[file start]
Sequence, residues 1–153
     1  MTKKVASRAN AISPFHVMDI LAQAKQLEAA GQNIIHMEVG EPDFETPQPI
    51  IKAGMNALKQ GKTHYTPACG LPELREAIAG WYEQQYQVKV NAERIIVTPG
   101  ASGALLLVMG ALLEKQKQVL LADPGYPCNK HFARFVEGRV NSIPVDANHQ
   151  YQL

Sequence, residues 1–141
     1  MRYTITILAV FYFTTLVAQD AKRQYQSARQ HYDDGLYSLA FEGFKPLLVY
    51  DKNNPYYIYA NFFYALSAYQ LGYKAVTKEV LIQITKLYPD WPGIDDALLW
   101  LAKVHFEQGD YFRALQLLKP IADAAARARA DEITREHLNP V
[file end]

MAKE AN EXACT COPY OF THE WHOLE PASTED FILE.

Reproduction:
Sequence, residues 1–153
     1  MTKKVASRAN AISPFHVMDI LAQAKQLEAA GQNIIHMEVG EPDFETPQPI
    51  IKAGMNALKQ GKTHYTPACG LPELREAIAG WYEQQYQVKV NAERIIVTPG
   101  ASGALLLVMG ALLEKQKQVL LADPGYPCNK HFARFVEGRV NSIPVDANHQ
   151  YQL

Sequence, residues 1–141
     1  MRYTITILAV FYFTTLVAQD AKRQYQSARQ HYDDGLYSLA FEGFKPLLVY
    51  DKNNPYYIYA NFFYALSAYQ LGYKAVTKEV LIQITKLYPD WPGIDDALLW
   101  LAKVHFEQGD YFRALQLLKP IADAAARARA DEITREHLNP V